Women in Germany work 50 percent more than men when caring for relatives is included, but they later get only half the pension. That’s one finding of a gender equality study to be discussed by the cabinet.
Chancellor Angela Merkel's coalition government declared gender equality to be an unfulfilled goal despite gains made in recent years as cabinet members prepared Wednesday to study a progress report.
"There is still a lot to do, that's evident," Family Minister Katarina Barley told public broadcaster ZDF when questioned about the report, which is required every parliamentary legislative period and is the second of its kind since 2011.
As progress, Barley cited Germany's introduction of a minimum wage in many fields, saying this had benefited women, as well as the increasing tendency of fathers to take subsidized parental leave to look after newborns.
Individuals must be free to decide how they wanted to live, Barley said, but it was up to parliament to create the framework conditions so that each "could really make decisions for her or himself," she added.
Women perform most caring tasks
According to the daily Süddeutsche Zeitung, the study compiled by experts concludes that women and mothers still face "significant disadvantages."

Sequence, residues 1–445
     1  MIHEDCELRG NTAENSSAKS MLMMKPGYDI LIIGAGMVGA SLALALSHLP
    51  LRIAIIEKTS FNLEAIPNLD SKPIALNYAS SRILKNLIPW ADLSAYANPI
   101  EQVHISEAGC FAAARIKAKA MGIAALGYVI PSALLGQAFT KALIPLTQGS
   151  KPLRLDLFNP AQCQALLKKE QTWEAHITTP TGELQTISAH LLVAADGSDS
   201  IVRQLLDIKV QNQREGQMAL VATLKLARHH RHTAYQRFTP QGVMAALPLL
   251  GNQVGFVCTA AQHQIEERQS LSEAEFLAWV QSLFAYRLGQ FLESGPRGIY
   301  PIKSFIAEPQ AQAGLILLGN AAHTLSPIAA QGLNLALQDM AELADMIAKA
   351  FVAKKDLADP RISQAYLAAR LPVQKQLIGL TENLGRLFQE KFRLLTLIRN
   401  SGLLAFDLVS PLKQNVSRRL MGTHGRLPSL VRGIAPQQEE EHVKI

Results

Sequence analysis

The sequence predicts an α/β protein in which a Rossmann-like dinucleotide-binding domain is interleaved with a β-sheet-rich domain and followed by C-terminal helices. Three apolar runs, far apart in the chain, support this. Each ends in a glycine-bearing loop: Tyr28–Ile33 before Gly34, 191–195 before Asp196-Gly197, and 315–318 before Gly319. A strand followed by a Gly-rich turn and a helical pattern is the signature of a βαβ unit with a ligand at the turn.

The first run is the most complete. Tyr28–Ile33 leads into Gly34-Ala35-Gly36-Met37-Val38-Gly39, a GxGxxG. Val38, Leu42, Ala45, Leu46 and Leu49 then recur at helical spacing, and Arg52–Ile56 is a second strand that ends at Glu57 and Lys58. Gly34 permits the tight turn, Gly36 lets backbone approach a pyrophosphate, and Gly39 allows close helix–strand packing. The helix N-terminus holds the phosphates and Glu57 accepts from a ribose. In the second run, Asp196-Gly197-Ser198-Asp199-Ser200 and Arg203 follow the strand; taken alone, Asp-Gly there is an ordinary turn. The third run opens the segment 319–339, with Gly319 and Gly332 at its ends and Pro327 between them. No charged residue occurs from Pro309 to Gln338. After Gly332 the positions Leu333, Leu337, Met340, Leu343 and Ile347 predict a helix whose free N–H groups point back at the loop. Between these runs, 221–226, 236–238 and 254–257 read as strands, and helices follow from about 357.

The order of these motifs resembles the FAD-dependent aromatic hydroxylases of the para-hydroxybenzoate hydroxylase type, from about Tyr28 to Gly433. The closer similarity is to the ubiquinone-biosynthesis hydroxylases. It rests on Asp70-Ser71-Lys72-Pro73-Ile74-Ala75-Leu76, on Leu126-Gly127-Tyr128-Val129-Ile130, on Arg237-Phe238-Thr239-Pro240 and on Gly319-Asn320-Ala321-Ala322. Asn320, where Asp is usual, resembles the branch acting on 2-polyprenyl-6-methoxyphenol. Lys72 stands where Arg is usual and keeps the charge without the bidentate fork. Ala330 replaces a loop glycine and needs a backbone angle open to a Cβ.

Compared to men, women ended up with less pay and pensions, poorer career opportunities and faced time management problems in families and partnerships.
Relatives, particularly young and elderly family members, were still largely taken care of by wives, daughters or daughters-in-law, amounting to an overall work performance of one-and-a-half times that of men.
On retirement, women ended up with half the pension of men. Measured in hourly pay, women in Germany get 21 percent less.
Upgrading of nursing care
"One of my central objectives is an upgrading of social care professions. Here women will primarily profit," said Barley.
"I have never understood why someone to whom I entrust my child or my dependent relative ends up earning so little compared to those to whom I entrust my car or my washing machine," she said.
"Our society still behaves unjustly in terms of the distribution of burdens and opportunities between the sexes," Barley told the Süddeutsche.
She was recently named minister after serving as general secretary of the center-left Social Democrats, who govern alongside Merkel's conservatives.
The equality report examines how far Germany has come in implementing equal opportunity precepts anchored in Germany's constitution.
ipj/sms (KNA, dpa, Süddeutsche Zeitung)